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What is Fungal Keratitis?

Fungal keratitis is an infection of the cornea, the clear dome covering the iris and pupil. It causes pain, reduced vision, light sensitivity and tearing, or discharge from the eye.

Keratitis is a general term meaning any inflammation of the cornea. The term “fungal keratitis” refers to a corneal infection caused by fungi.

Fungal Keratitis Causes

Fusaria are fungi that grow on plants, in water and can be found in dirt and soil. While these fungi can be found worldwide, they are more prominent in warmer regions.

Fungal keratitis most often occurs when the eye is exposed to the Fusaria fungi through swimming, showering or cleaning contact lenses in infected water. Other means of contact include improperly washing your hands or getting infected dirt in your eye when the cornea is scratched or injured.

Symptoms of Fungal Keratitis

Fungal keratitis symptoms may appear suddenly and can lead to vision problems or blindness. Symptoms may include sudden eye pain and decreased vision, sensitivity to light, excessive tear production, and mucus discharge.

Potential complications of keratitis include chronic corneal infections and inflammation, corneal tearing and open sores or sudden temporary or permanent vision loss. 

Risk Factors for Fungal Keratitis

Many factors may put a person at risk for fungal keratitis.

Wearing Contact Lenses

Contact wearers are most at risk if they do not practice proper contact lens handling and care. It is important to properly clean, disinfect and store your contacts. Wearing them too long may cause dirt and other foreign objects to become trapped between the lens and your eye, putting you at risk for fungal Keratitis. Never wear your contacts in the shower, or while swimming or soaking in a hot tub. Contacts worn during these activities may cause small abrasions on the eye’s surface, making it easy for fungi to enter.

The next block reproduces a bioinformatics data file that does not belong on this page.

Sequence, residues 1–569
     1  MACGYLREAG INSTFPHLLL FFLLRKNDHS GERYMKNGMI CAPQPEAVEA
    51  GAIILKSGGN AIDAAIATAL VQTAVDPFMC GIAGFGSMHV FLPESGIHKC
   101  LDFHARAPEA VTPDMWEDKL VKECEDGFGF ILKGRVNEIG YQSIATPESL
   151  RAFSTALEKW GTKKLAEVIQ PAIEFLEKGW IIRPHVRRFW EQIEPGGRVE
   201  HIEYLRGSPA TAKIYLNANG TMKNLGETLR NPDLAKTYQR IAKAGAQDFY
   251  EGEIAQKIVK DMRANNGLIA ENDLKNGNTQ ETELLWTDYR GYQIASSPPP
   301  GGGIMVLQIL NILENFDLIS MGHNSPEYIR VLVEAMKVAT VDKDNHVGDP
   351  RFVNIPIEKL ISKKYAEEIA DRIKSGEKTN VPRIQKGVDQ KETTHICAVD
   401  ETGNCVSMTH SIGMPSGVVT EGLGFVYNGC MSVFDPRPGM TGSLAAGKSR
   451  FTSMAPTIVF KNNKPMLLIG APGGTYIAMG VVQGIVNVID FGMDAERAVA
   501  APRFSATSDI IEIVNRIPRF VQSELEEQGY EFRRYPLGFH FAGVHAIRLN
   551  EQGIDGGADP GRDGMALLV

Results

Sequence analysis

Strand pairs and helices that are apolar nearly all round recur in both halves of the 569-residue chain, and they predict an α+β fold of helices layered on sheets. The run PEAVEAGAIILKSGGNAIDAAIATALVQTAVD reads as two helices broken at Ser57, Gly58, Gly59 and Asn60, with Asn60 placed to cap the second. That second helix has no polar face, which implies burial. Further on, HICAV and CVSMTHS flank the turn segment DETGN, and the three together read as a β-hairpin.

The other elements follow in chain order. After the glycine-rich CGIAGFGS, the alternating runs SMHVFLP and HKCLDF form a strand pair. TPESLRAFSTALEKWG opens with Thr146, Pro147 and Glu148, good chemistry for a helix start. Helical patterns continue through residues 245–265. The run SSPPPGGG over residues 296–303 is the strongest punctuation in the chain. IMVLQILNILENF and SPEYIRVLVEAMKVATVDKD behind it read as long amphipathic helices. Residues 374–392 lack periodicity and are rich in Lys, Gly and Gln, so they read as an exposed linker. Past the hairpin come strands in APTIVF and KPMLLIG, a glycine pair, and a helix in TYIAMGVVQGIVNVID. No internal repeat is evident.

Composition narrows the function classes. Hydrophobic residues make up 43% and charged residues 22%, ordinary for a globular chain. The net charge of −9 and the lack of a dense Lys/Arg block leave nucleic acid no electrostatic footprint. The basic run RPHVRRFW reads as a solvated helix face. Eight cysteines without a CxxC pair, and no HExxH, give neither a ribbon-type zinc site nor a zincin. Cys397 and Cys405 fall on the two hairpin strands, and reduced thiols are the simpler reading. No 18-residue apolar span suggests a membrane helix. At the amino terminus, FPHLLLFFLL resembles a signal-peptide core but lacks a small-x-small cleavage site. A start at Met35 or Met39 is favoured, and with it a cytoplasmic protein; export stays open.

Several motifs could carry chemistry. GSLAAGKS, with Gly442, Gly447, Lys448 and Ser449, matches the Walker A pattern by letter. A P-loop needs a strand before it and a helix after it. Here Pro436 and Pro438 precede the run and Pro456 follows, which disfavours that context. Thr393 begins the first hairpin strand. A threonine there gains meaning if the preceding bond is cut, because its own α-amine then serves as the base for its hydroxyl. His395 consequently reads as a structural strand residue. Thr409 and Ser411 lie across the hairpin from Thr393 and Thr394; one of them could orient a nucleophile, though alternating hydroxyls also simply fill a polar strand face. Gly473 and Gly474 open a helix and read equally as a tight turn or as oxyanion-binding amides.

Immune Deficiency Disorders

Certain immune deficiencies such as those caused by certain diseases or medications may put you at higher risk of developing this eye condition.

Geographic Location

Fungi tend to thrive in warmer climates; if you live in a warm, muggy area you are more likely to be exposed to fungal Keratitis than people who live in cooler regions.

Using Corticosteroid Eye Drops

Corticosteroid eye drops are used to suppress the body’s natural defensive mechanisms in order to treat certain eye conditions.  However, this medicine’s action can potentially stop your eye from fighting off fungal Keratitis.

Eye Injury

If your eye has been scratched or scraped, fungi may find their way into the injury, resulting in this infection.

Diagnosis of Fungal Keratitis

Your eye doctor will typically ask you to answer a series of questions about your eye health and medical history. This gives your doctor a basic idea of whether you have had any prior fungal infections. It also determines which areas of your eye may need to be examined first.

During the physical eye exam, your doctor may use a lighted tool called a slit lamp to carefully check your cornea. The slit lamp is a microscope that magnifies different areas of the cornea and the surface of the eye, so that both can be examined thoroughly. The doctor may use an eye drop infused with a special dye to help illuminate areas of concern.

If Fungal Keratitis is suspected, a swab culture and blood test may be taken and sent off for testing, to confirm the diagnosis.

Treatment of Fungal Keratitis

Treatment of mild to moderate forms of keratitis may involve prescription eye drops, oral medication, or intravenous injections. Steroidal eye drops may be used to reduce inflammation and discomfort.

Corneal transplant or other surgical measures may be necessary for more severe forms of keratitis. In some cases, corneal surgery will not restore vision, which may result in permanent vision impairment. 

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